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10.4: Addendum – Pretty Print

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  • \( \newcommand{\vecs}[1]{\overset { \scriptstyle \rightharpoonup} {\mathbf{#1}} } \) \( \newcommand{\vecd}[1]{\overset{-\!-\!\rightharpoonup}{\vphantom{a}\smash {#1}}} \)\(\newcommand{\id}{\mathrm{id}}\) \( \newcommand{\Span}{\mathrm{span}}\) \( \newcommand{\kernel}{\mathrm{null}\,}\) \( \newcommand{\range}{\mathrm{range}\,}\) \( \newcommand{\RealPart}{\mathrm{Re}}\) \( \newcommand{\ImaginaryPart}{\mathrm{Im}}\) \( \newcommand{\Argument}{\mathrm{Arg}}\) \( \newcommand{\norm}[1]{\| #1 \|}\) \( \newcommand{\inner}[2]{\langle #1, #2 \rangle}\) \( \newcommand{\Span}{\mathrm{span}}\) \(\newcommand{\id}{\mathrm{id}}\) \( \newcommand{\Span}{\mathrm{span}}\) \( \newcommand{\kernel}{\mathrm{null}\,}\) \( \newcommand{\range}{\mathrm{range}\,}\) \( \newcommand{\RealPart}{\mathrm{Re}}\) \( \newcommand{\ImaginaryPart}{\mathrm{Im}}\) \( \newcommand{\Argument}{\mathrm{Arg}}\) \( \newcommand{\norm}[1]{\| #1 \|}\) \( \newcommand{\inner}[2]{\langle #1, #2 \rangle}\) \( \newcommand{\Span}{\mathrm{span}}\)\(\newcommand{\AA}{\unicode[.8,0]{x212B}}\)

    One potential problem when printing tables is that the columns may not line up even if tabs are used for alignment. This is caused by the fact that some numbers will appear “nice”, that is, contain few digits, and others won’t. For example, one element in a column might be 25.0 while the item beneath it might be 24.83259074. The second value takes up more space and pushes the remaining items in that row over to the right thus causing a misalignment with the row above. If the values are limited to a fairly narrow range this problem can be alleviated through the judicious use of the round() function. This will not work, however, if the range of values is very wide: With large values there will still be a large number of digits and very small values may lose precision (in fact, “over rounding” may result in just zeroes being printed).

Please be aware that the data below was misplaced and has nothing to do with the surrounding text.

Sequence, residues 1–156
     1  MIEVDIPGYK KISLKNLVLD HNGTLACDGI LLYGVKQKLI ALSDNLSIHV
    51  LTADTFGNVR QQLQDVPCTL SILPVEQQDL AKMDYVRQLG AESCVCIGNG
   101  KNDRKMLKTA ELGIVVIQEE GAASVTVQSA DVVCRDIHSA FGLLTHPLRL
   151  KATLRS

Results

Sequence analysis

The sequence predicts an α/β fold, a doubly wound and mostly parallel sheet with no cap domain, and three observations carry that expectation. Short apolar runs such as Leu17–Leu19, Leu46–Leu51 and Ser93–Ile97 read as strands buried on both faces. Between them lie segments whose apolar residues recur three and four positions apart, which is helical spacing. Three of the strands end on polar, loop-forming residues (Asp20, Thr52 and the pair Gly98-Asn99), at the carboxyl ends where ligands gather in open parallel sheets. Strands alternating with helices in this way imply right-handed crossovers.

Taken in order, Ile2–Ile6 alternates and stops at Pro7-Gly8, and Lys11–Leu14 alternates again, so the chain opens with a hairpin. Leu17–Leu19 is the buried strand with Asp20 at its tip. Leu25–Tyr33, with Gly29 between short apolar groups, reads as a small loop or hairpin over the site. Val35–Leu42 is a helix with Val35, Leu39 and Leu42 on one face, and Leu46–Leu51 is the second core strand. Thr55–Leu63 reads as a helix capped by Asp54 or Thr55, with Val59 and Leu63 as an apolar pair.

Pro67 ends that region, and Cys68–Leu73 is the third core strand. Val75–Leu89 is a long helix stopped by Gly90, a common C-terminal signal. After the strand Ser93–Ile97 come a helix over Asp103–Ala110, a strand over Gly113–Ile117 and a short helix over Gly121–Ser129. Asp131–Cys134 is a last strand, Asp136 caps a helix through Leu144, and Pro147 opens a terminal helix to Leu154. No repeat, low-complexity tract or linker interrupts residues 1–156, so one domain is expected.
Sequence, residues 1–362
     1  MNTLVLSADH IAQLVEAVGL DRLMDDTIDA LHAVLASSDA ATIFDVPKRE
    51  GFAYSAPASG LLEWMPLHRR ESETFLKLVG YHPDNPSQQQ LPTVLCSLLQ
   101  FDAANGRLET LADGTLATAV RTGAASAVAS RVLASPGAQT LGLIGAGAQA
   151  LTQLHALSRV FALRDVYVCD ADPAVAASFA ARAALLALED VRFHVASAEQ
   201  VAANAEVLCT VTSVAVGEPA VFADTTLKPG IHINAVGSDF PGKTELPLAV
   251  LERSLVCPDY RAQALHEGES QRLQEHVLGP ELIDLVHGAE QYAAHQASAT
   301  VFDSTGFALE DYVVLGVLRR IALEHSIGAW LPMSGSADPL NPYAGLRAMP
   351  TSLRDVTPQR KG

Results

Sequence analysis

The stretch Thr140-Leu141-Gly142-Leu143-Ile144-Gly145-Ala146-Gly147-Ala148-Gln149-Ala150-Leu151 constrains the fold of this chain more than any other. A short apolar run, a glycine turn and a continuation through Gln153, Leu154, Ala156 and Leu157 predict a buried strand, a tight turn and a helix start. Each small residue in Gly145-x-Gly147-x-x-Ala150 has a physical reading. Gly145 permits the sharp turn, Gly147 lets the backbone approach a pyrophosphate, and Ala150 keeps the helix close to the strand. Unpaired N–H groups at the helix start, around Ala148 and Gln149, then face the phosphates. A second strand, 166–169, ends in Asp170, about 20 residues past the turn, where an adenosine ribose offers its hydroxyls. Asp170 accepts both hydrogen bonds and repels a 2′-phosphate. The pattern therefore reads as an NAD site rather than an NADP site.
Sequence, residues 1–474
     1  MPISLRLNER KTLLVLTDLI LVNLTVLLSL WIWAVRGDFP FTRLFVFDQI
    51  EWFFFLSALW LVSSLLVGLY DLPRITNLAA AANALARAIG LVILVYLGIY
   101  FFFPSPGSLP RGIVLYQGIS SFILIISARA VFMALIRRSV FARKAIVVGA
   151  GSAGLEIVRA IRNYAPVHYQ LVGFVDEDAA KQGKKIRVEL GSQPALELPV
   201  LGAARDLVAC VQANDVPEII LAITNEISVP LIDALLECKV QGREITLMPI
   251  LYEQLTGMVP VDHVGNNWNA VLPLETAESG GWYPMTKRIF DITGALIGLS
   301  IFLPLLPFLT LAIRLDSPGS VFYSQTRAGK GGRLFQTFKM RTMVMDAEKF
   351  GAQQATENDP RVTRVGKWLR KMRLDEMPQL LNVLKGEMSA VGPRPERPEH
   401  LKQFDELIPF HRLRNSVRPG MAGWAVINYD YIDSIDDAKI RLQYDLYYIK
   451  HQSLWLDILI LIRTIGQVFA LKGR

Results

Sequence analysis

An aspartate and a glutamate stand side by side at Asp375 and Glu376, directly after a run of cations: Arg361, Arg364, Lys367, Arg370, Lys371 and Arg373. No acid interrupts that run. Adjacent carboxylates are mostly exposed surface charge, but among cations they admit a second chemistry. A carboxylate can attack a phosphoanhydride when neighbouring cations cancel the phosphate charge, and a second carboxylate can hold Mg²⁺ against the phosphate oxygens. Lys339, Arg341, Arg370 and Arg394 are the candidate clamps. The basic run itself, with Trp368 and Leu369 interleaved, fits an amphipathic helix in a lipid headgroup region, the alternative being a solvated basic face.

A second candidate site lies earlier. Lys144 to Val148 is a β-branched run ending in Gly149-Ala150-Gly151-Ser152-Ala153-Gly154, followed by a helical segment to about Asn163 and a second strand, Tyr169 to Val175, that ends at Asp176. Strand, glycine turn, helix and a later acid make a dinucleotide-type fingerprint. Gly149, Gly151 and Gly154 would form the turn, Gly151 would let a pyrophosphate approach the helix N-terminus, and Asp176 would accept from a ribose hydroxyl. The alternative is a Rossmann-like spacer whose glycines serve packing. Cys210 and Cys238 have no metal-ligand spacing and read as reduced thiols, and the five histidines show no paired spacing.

To get around this, Python uses format specifiers. These indicate the number of digits to be used on a print out (values will be rounded, not truncated). The most useful format for scientific numeric data is of the form “%.3e”. The 3 indicates the number of digits to be displayed while the e indicates that exponent form should be used (i.e., scientific notation). An f can be used instead of e which specifies ordinary (non scientific) form or a g may be used which indicates that the shorter of e or f will be used (e.g., a small value such as 12.3 will be printed as 12.3 instead of 1.23e+01 but a very large or small value will be printed using exponent form, such as 1.23e+09 instead of 1230000000.0). The specifier is placed before the variable to be printed, separated by a percent sign. For example, to print out the variable x to 4 places using the more compact of the ordinary and exponent formats:

    print( “%.4g” % x )

    Note that the second percent sign is not interpreted as the modulo operator in this case. Python “knows” this by context: It simply doesn’t make sense to perform a modulo operation between a string and a number.

    Several specifiers may be used on one line. The following prints the variables x, y and z to 4 places each using exponent format and separates them with tabs:

    print( “%.4e” % x, “\t %.4e” % y, “\t %.4e” % z )

    The individual specifiers may be combined into one with the variables joined together with parentheses (this is called a tuple, a data type that will be examined in a later exercise):

    print( “%.4e \t %.4e \t %.4e” % (x,y,z) )

    Finally, be forewarned that the interpretation of “number of places” is slightly different between formats e, f and g.

    This page titled 10.4: Addendum – Pretty Print is shared under a not declared license and was authored, remixed, and/or curated by James M. Fiore.

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